The Vandal Marching band is anything but typical. A typical college marching band has several full-time staff members. The staff generally writes content — music, drill and choreography — and coach individual sectional.
UI’s marching band, however, relies on only full-time staff member Spencer Martin, Director of Athletic Bands — the rest falls to the students.
Students write the music and choreography, in addition to leading sectionals and drill squads and moving equipment across campus. This creates an environment conducive to learning, leadership and growth.
“The students become the staff. With that student ownership, it teaches them how to lead and do things and to empower them with these skills that will help them when they graduate,” Spencer said.
Before the school year begins, students work on the music for the band’s first field show. First, the horn pieces are written. Then, all at once, the plans progress simultaneously. Drumline music is finished while the color guard captain works on choreography. Drill is then written, edited and finalized.
UI alumnus Sy Hovik, who graduated with bachelor’s degrees in music composition and music education in 2017, has written and arranged the horn parts since 2014.
Hovik is the band director at Mt. Spokane High School in Spokane and works with Martin remotely.
Martin gives Hovik a list of songs to include in the field show, and Hovik finds a way to weave them together.
“It’s like doing a homeworking assignment for 250 people,” he said. “You can’t really screw it up.”
After finishing the score — which depicts all the instruments and their parts — Hovik formats the parts for each instrument on the computer. All 17 instruments typically end up about six pages of music each.
Hovik, a percussionist, said it took time to learn what works best for each instrument.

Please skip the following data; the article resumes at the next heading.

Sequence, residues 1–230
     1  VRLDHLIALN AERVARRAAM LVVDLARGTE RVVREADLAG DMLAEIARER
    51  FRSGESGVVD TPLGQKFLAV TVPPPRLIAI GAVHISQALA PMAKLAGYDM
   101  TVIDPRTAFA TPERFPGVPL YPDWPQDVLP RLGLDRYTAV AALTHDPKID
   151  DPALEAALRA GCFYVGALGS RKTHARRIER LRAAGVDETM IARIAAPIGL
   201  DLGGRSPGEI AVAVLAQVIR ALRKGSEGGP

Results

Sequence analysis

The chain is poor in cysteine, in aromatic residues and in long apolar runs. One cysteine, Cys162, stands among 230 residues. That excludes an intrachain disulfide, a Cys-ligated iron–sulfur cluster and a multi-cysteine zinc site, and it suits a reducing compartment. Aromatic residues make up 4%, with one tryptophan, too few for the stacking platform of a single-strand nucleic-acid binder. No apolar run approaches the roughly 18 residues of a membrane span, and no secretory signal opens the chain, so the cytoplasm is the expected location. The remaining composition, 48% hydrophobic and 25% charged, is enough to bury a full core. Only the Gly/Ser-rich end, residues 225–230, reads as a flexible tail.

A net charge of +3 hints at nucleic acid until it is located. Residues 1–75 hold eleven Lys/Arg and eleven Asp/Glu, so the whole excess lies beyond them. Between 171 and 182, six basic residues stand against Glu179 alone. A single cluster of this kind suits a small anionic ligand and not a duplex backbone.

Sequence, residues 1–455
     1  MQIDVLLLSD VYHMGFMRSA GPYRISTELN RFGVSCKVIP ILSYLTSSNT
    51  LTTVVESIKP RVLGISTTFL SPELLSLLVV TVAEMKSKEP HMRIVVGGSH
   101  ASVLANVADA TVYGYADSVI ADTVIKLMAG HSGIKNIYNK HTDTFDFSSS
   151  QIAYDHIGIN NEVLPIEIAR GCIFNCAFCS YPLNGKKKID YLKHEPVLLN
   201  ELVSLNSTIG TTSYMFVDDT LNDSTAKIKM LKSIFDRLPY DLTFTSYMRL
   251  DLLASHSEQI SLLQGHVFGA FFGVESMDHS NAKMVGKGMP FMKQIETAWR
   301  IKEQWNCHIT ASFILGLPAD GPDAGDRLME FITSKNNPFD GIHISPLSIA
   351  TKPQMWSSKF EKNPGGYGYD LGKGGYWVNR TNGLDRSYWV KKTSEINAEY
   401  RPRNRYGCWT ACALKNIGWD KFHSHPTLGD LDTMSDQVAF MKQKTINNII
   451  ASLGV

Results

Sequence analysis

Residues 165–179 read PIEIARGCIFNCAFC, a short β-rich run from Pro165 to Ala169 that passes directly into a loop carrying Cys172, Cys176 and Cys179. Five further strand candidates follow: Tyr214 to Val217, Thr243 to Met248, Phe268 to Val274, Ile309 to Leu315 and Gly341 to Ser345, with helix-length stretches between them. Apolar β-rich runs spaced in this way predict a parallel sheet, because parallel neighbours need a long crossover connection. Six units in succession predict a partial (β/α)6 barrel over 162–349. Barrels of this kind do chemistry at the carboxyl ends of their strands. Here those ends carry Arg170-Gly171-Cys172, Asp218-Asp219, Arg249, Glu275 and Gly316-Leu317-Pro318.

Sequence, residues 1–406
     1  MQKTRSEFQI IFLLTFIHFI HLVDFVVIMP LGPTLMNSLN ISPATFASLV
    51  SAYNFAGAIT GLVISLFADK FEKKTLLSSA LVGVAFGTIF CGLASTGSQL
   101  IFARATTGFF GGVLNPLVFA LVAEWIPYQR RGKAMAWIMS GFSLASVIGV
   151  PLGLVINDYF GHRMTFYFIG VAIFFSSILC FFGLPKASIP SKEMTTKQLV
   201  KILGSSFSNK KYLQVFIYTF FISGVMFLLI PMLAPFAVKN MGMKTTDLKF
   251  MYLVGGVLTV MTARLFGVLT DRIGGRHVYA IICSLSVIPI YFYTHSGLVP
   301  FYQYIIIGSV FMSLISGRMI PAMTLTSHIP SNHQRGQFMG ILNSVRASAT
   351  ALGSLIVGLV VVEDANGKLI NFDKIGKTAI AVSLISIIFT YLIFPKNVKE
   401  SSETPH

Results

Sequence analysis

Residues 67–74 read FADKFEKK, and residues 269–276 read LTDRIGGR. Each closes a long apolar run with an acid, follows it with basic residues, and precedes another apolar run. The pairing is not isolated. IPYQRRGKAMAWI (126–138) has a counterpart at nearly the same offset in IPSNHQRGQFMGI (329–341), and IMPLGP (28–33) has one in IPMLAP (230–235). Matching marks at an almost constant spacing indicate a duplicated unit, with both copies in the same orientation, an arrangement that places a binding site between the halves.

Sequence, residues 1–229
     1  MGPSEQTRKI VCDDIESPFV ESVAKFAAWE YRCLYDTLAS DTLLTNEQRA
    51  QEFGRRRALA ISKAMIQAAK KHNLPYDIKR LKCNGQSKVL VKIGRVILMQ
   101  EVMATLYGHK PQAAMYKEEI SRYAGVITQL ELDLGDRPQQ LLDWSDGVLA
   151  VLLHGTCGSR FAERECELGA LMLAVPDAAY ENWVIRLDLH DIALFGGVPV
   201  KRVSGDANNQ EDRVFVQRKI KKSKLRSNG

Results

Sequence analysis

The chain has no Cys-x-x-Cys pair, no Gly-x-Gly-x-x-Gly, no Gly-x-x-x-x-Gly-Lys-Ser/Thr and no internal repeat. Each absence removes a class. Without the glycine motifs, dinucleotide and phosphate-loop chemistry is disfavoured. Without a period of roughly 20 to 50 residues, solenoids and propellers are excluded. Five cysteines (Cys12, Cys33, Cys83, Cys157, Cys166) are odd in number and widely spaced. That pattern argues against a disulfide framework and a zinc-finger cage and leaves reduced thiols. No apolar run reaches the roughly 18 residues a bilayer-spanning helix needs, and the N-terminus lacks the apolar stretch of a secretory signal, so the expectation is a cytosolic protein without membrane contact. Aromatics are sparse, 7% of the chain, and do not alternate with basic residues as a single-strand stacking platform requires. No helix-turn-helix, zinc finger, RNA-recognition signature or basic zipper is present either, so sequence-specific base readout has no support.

“The more that I’ve played all these instruments, I really understand what’s effective on each instrument,” he said. “You would never want to write for flutes in marching band to be heard from the line below middle C to third space C. You would never hear it, it’s the way instruments are built.”
Hovik said he has earned more freedom during his time writing for the marching band.
“Spence leads the charge with what he wants,” Hovik said. “I’m always looking for creative, unexpected ways I can mash as many tunes in. It used to be a lot more spelled out, and it still is, but it’s less of the exact measures of this to this with a lead sheet and rhythmic curves.”
Eric Parchen began arranging drum line parts in 2013 and worked with Hovik before graduating in 2016. This was his first time writing for the batterie — the French word for drum — often used to refer to drumline. For Parchen, the intimidating part was starting.
“I got the horn parts, fully completed, and then I had 250 measures of blank I had to fill in,” he said.
Parchen said he used exact copies of rhythms for some songs, and original ideas for others.
“There are some things I know will work on a drum set that won’t work for 30 people playing batterie instruments,” he said. “It’s trying to put energy through the batterie without stepping on the feet of the horn parts.”
Fifth-year student Neil Paterson took on Parchen’s role in 2016. Paterson, a psychology major, said the learning curve was steep.
“It was interesting learning how to keep 230 people in time using the drumline only,” he said. “All great rock bands have a great rock drummer and I had to make the drumline that great rock drummer.”